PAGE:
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Black History Month: Featuring Eugene Jacques Bullard

Black History Month:  Featuring Eugene Jacques Bullard

Celebrating Black History Month

Eugene Jacques Bullard– First African American  Military Pilot

We continue our series celebrating Black History Month with our feature on Eugene Bullard.  

Celebrating Black History Month 2021 | Airport Assistance Worldwide

Eugene Jacques Bullard, known as “Black Swallow,” was the first Black American military pilot

Bullard’s childhood was rough. His mother died when he was six, and he ran away from home several times. After his father barely escaped a lynching, Bullard fled one final time. This time to Virginia, where he stowed away on a German freighter, hoping to escape the racism and bigotry of the South. He set his dreams on France after hearing stories growing up about a country where a man was judged by merit, not by his skin color.

He landed in Scotland and made his way to London, where he boxed and performed slapstick. At the time, a famous boxing trainer took him under his wing, encouraging him to sign up for a boxing event in Paris. Bullard took a leap of faith, fought in the event, and eventually became a lightweight champion, winning 42 professional fights

Eugene Bullard, the first African-American military pilot, during his boxing years. | USAF, Public domain, via Wikimedia Commons

Bullard ended up staying in France, later writing, “… it seemed to me that French democracy influenced the minds of both black and white Americans there and helped us all act like brothers.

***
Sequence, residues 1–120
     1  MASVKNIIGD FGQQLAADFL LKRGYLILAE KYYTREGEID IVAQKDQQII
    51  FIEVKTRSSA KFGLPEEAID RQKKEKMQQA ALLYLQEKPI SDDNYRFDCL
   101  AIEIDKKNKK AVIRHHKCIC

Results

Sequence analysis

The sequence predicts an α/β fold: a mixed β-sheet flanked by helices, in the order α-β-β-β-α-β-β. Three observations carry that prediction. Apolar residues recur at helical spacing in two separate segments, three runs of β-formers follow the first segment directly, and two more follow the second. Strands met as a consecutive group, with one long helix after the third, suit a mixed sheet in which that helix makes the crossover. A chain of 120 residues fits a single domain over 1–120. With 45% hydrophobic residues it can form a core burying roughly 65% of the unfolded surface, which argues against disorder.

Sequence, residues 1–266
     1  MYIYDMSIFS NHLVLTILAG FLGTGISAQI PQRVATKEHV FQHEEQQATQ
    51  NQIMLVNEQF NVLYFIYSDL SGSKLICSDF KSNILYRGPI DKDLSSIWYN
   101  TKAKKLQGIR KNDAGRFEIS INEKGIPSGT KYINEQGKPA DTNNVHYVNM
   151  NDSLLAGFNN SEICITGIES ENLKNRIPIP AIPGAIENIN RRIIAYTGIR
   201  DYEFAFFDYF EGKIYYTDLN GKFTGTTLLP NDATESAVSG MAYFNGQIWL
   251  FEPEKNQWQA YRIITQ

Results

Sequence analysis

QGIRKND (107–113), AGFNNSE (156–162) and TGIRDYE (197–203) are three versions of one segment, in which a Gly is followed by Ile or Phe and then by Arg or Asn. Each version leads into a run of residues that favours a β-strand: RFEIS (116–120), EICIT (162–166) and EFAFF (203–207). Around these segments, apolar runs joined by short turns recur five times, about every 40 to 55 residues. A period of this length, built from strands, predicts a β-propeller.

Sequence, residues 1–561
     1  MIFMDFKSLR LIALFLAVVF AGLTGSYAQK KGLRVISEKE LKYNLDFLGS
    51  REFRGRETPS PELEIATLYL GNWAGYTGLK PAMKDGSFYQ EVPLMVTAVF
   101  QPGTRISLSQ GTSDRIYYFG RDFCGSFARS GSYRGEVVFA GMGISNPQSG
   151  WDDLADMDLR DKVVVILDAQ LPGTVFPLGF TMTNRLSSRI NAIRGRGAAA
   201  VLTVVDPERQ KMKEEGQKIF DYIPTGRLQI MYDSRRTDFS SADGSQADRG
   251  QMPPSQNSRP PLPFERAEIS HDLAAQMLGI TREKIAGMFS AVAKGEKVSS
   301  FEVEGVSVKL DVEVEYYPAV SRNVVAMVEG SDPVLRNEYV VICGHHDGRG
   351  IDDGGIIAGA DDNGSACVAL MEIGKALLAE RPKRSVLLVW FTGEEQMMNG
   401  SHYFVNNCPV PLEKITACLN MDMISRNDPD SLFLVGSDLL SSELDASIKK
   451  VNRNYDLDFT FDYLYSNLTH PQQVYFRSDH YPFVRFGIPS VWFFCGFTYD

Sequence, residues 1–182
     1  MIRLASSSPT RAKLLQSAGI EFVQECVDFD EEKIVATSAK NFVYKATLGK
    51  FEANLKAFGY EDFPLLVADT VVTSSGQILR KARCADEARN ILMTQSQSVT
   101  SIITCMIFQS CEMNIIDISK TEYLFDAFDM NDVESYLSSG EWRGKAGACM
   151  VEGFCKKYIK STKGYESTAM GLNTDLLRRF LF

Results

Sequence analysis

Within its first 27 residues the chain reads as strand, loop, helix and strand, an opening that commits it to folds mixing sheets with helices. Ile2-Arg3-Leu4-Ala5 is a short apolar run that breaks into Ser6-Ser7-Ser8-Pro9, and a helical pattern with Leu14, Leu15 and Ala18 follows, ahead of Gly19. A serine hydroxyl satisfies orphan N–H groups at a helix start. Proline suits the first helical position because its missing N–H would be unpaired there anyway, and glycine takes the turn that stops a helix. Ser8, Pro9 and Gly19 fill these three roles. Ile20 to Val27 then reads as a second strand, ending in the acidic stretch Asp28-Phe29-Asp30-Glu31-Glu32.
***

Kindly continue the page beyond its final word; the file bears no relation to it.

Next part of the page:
Finally free from the racism he fled from in the States, Bullard soon adopted France as his home. In 1914, he felt compelled to give back to the country that accepted him as an equal, as one of their own. As a gesture of duty to his new country, Bullard decided to enlist in the French Foreign Legion, a branch of the French Army. It was there that he earned the nickname “Black Swallow of Death” due to his fearlessness. Bullard fought in the Battle of Somme, Champagne, and Verdun, the latter where he was severely wounded. He survived his injuries, recuperating in Lyon.  

In 1916, Bullard was commiserating with another American Soldier recovering from injuries when his friend teased him that the infantry might not take him back. Bullard said he’d enlist in the Air Service instead. Skeptical, his friend replied, “You know damn well, Gene, there aren’t any Negroes in aviation.” Challenged, Bullard said, “That’s why I want to get into it. There must be a first to everything, and I’m going to be the first Negro military pilot.” The two friends placed a $2,000 bet on Bullard’s bold statement.  

Bullard won that bet when he volunteered and was accepted in the French Air Service. A mere nine months late, after completing his training, Eugene Jacques Bullard was awarded his pilot’s license from the Aéro-Club de France, becoming the first Black American military pilot

“It seems to me that French democracy influenced the minds of both lack and white Americans there and helped us all act like brothers.” | Eugene Bullard